Will has also opined that: “No [Supreme Court] justices or senior military officers should stoop to being props at these puerile spectacles.” I entirely agree. The sooner we revert to the 19th-century mode of an annual message delivered in writing to Congress, the better it will be for the Republic.

Saint Luke tells us that joy shall be in heaven over one sinner that repenteth, more than over ninety and nine just persons, which need no repentance. Let’s hope that George Will is on the path to full repentance.

That said, did this year’s speech have any content worth noting?

I can’t say I thought so. The pre-speech commentary from TV talking heads was all of low expectations, for reasons difficult to gainsay. The President’s signature policy initiative is losing altitude fast; his diplomacy is merely cosmetic; a once-orderly budget process has degenerated into a marathon stumble from crisis to crisis; federal debt is disgracefully high, labor force participation disgracefully low; the middle class is hollowing out; five years of war in Afghanistan have achieved nothing at a cost of 1,648 dead Americans; and Obama’s former Defense Secretary has scoffed at his military leadership.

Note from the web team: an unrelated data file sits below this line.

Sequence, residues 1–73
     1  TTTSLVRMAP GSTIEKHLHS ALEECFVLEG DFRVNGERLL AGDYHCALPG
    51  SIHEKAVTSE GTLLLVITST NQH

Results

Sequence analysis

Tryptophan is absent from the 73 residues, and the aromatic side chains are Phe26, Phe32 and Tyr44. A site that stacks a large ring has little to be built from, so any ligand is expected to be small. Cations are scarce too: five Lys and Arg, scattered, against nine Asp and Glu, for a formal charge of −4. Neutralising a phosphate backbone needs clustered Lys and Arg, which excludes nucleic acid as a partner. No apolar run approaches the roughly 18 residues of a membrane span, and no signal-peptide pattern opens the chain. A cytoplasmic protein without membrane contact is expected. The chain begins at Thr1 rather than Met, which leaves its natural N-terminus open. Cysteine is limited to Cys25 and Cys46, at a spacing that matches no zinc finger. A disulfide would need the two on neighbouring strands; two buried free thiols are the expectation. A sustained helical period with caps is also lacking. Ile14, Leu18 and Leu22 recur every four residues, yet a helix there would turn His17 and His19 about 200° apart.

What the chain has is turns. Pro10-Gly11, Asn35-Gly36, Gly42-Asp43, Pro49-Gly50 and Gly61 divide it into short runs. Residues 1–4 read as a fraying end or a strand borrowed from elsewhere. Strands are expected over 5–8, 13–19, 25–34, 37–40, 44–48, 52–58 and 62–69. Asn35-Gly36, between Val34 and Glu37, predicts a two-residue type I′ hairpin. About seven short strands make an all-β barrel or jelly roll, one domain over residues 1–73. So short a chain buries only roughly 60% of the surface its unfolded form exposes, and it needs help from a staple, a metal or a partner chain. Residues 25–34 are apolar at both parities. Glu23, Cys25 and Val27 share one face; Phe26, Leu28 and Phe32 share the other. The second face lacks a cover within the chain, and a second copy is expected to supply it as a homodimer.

Obama put the best face he could on it all. His delivery was in fact more spirited than it had any right to be. This was slightly worrying, raising the possibility that the President may be delusional.

I think the issue is more one of detachment. Obama knows things aren’t good for him, but doesn’t care much. He does care about giving a good resounding speech.

The “prose” was of course padded out with even more than the usual amount of “poetry”: “ladders of opportunity,” “let’s make this a year of action,” “our collective shoulder to the wheel of progress,” and so on .